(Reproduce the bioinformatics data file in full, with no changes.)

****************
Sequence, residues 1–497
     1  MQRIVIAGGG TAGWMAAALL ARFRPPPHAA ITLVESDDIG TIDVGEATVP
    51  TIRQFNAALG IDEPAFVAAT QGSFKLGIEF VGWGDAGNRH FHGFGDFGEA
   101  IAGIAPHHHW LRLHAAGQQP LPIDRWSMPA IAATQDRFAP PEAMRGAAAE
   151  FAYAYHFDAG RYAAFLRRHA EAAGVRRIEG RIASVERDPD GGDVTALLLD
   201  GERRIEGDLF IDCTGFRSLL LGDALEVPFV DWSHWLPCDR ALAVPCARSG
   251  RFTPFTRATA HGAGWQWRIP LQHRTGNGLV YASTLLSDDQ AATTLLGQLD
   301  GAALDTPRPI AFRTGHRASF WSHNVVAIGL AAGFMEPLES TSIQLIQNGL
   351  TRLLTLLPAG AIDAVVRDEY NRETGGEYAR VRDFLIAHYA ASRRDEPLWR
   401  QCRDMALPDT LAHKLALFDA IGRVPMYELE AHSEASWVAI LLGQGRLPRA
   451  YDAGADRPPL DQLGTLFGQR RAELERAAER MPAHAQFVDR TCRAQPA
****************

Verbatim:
Sequence, residues 1–497
     1  MQRIVIAGGG TAGWMAAALL ARFRPPPHAA ITLVESDDIG TIDVGEATVP
    51  TIRQFNAALG IDEPAFVAAT QGSFKLGIEF VGWGDAGNRH FHGFGDFGEA
   101  IAGIAPHHHW LRLHAAGQQP LPIDRWSMPA IAATQDRFAP PEAMRGAAAE
   151  FAYAYHFDAG RYAAFLRRHA EAAGVRRIEG RIASVERDPD GGDVTALLLD
   201  GERRIEGDLF IDCTGFRSLL LGDALEVPFV DWSHWLPCDR ALAVPCARSG
   251  RFTPFTRATA HGAGWQWRIP LQHRTGNGLV YASTLLSDDQ AATTLLGQLD
   301  GAALDTPRPI AFRTGHRASF WSHNVVAIGL AAGFMEPLES TSIQLIQNGL
   351  TRLLTLLPAG AIDAVVRDEY NRETGGEYAR VRDFLIAHYA ASRRDEPLWR
   401  QCRDMALPDT LAHKLALFDA IGRVPMYELE AHSEASWVAI LLGQGRLPRA
   451  YDAGADRPPL DQLGTLFGQR RAELERAAER MPAHAQFVDR TCRAQPA